The Beechwood center is as busy as ever, with activity up 20 percent. Not only is Marie Marcotte the director of senior and human services, but she’s also the town’s welfare director, meaning she is the liaison between the town and state administration in matters relating to food stamps, social services, assistance payments, medical assistance and community support systems.
Embury has recommended reducing the human services comportment of the budget by $40,620 for a final proposed budget of $112,501.
A total of 1,985 residents participated in programs offered at the senior center. The transportation program provides rides to and from the senior center, in-town medical appointments, shopping, lab visits, errands, hairdressing/barber appointments, banking, pharmacies and more. That service has increased 16 percent between 2010 and 2011.
The total proposed budget for the senior citizens component of this budget is $446,688, with no reductions made by Embury.

Planning and Development
The planning department has been extremely busy the last year with the work they’ve done at the Wickford Junction Train Station, village studies, ordinance development and more. The department is also responsible for monitoring the number of affordable housing units in town and, as of May 2011, reported there were 847 units (8.08 percent) of affordable housing in town.
Every city and town in the state needs to have a minimum of 10 percent. A total of 292 affordable units are in the works and 46 units under construction.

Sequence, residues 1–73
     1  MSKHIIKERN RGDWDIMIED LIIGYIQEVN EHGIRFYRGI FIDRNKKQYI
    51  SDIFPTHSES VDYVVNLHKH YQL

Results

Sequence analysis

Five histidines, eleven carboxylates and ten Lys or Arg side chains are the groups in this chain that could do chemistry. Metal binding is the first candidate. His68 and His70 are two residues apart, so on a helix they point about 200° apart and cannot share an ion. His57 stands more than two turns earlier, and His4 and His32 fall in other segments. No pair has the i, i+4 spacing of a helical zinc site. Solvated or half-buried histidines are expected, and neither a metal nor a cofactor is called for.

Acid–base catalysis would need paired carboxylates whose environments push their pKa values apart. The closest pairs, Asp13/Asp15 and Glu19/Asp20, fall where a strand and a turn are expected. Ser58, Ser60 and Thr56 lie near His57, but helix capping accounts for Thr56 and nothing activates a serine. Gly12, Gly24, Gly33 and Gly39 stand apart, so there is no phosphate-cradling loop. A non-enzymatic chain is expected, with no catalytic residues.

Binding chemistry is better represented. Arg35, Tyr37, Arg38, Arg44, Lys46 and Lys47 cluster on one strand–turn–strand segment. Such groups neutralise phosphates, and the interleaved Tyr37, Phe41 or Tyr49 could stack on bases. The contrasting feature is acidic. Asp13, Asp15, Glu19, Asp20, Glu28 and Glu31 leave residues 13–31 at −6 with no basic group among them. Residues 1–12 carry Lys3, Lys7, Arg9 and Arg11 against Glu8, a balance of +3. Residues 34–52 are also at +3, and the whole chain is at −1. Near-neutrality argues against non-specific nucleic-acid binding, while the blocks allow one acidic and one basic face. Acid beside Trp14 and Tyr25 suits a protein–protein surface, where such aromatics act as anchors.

The adopted current budget was $368,779 and the recommended budget for fiscal year 2012/2013 is $391,506, an increase of $22,727 or 6.16 percent.
Among some of the department goals for the upcoming year are to re-write the town’s comprehensive plan and include information on affordable housing, Wickford, Harbor Management Plan, Hazard Mitigation Plan and Davisville Plans and to continue to preserve open space.

Quonset Davisville Recreation

This department is required to maintain and improve quality leisure activities and services at the Municipal Golf Course and Allen Harbor Marina. They continue to assist the Arts Council in their goal to provide diverse and quality programs for the residents.
The golf course hosts over 43,000 rounds of golf a year and the upkeep and maintenance is the top priority. The town owns and operates the marina that includes 84 moorings and over 100 slips.
Currently, the golf course receives $1,175,986, the marina $282,514 and the recreation department $334,049. The recommended budget calls for slight decreases for all three and, if approved, would cut golf course funding by $29,566 (or 2.51 percent), the marina by $3,618 (1.28 percent) and the recreation department by $14,979.

The town council didn’t discuss the school fund Monday and will instead schedule a separate work session to evaluate it with Superintendent Dr. Philip Auger.
The council has scheduled a public hearing at 6 p.m. on April 9 for matters related to the town budget. The school budget will be discussed on the same date at 7:30 p.m. After hearing from residents, the council will then have until May 2, which is when the budget needs final approval, to continue to have work sessions to finalize each department’s request.
The town manager’s full preliminary budget can be viewed on the town website,